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Everton v Bayern Munich, Wed 24 April 1985

This match was billed in the programme as the ‘biggest-ever European occasion at Goodison Park’ and it remains the greatest night in Everton’s history. In the previous four years of European competition, Bayern Munich had lost to Liverpool, Aston Villa, Aberdeen and Spurs when coming up against British clubs but after a 0-0 draw in the first leg, the match was finely balanced.

Looking back on that match in his notes, manager Howard Kendall said the Blues had chances in the away tie to sneak a goal but acknowledged the German side had their moments too, none closer than when Kevin Richardson cleared one off the line. That excellent result may have had something to do with the preparation beforehand as on the Saturday before this game, Kendall’s assistant Mick Heaton had been sent out to watch Bayern’s German Cup semi-final with Borussia Moenchendgladbach.

It was the first time in the European campaign that Mick had been on a ‘spying’ mission. Previously, Colin Harvey had been to Ireland to watch University College Dublin, while the club relied on videos and outside reports on Inter Bratislava and Howard Kendall watched Fortuna Sittard himself. Heaton said at the time, “The idea is to get a basic overall knowledge of our opponents’ pattern of play, what particular threats they have, the way the team plays. I thought the left winger (Ludwig Kogl) would be a threat and the big number nine Hoeness would be a danger, but Derek Mountfield gave him very little.”

Though the Bayern coach Udo Lattek was confident that his side would get the result they needed on Merseyside in the return game, the British press were fulsome in their praise of the Toffees in front of 67,000 fanatical Germans. Colin Wood of the Daily Mail said “Everton, already the team of our season back home, showed on the foreign field last night they are also the men for all occasions.” Patrick Barclay of The Guardian wrote “Everton moved into the European big time last night and, unabashed, kept their seventh consecutive clean sheet of the Cup-Winners’ Cup campaign.”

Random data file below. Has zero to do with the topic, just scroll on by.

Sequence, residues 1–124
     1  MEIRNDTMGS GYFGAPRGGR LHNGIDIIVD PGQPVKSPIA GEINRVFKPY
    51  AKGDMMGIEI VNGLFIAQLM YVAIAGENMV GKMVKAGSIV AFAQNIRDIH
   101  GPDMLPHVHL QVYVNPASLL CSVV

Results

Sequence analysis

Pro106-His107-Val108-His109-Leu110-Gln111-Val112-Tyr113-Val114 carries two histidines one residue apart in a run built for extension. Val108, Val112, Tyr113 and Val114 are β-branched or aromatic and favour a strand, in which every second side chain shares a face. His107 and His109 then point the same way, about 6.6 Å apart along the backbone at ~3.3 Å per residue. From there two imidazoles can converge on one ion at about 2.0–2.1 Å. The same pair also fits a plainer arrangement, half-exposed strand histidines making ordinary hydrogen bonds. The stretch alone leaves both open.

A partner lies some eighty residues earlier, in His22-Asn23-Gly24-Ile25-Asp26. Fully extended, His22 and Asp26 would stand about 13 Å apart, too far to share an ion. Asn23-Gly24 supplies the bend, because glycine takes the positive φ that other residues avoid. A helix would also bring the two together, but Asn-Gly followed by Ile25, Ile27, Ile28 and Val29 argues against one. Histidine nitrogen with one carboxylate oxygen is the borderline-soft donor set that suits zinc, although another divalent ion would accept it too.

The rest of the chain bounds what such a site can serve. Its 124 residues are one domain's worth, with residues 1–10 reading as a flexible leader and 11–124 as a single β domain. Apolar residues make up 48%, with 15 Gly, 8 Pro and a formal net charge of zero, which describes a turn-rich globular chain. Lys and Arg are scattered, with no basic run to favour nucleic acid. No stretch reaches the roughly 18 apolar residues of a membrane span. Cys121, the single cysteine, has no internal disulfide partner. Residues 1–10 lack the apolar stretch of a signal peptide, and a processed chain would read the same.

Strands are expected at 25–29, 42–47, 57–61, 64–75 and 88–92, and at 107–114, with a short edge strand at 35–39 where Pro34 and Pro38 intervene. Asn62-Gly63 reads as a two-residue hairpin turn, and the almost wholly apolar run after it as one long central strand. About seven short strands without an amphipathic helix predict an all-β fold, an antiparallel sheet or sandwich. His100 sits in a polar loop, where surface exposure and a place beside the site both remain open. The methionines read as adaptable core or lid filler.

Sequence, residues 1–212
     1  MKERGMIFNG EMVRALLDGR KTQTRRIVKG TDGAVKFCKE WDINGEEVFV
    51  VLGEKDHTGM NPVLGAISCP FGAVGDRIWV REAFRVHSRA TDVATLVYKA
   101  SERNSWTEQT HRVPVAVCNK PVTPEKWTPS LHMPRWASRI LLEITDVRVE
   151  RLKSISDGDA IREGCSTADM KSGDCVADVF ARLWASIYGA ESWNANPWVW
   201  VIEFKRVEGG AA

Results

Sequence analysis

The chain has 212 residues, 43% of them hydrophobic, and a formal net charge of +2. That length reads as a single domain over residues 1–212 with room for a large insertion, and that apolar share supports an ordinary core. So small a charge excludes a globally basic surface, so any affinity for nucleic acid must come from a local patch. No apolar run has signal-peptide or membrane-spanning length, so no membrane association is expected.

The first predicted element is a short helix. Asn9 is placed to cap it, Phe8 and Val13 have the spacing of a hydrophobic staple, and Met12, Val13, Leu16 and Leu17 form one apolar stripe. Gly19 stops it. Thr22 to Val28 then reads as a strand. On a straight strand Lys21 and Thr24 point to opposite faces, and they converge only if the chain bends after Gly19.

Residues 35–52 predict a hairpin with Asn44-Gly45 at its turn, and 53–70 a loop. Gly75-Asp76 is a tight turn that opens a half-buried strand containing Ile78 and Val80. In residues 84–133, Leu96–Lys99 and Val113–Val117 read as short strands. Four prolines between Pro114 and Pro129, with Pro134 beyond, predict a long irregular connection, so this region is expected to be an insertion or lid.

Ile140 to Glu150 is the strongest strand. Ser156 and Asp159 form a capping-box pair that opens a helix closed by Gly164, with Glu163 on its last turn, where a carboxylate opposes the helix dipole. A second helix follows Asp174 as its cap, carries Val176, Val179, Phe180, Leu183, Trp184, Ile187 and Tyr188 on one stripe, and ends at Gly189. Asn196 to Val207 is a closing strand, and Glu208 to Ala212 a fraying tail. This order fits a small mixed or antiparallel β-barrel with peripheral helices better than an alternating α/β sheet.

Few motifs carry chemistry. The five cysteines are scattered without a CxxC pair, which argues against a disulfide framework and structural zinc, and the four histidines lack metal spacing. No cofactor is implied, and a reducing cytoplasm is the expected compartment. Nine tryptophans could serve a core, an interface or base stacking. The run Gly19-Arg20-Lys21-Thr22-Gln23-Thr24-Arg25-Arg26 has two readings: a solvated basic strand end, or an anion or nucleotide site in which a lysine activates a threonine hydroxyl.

In his Captain’s Column, Kevin Ratcliffe also commented on the first game, saying ” We knew Bayern were a good team and that not many teams had held them in the Olympic Stadium in the past. As we expected, they put us under a lot of pressure in the first-half but we defended well and gradually came more into the game. I think it will be our turn to put them under pressure tonight, but we will have to keep a sharp eye on them when they break.”

They were prophetic words from the skipper as the two men Mick Heaton had identified as dangermen combined for the opening goal of the second leg. Kogl was put in the clear only for Neville Southall to block his shot but the ball rebounded to Hoeness who coolly picked his spot with defenders on the line to slot home.

Undaunted, the home side roared back in the second period with Graeme Sharp nodding home to level the tie then Bayern keeper Pfaff living up to his name, allowing Andy Gray to sweep the Blues in front. Trevor Steven sealed the momentous victory after a slide rule pass from Kevin Sheedy was deftly knocked into his path by Andy Gray and ‘Tricky Trev’ buried his shot into the Gwladys Street net.

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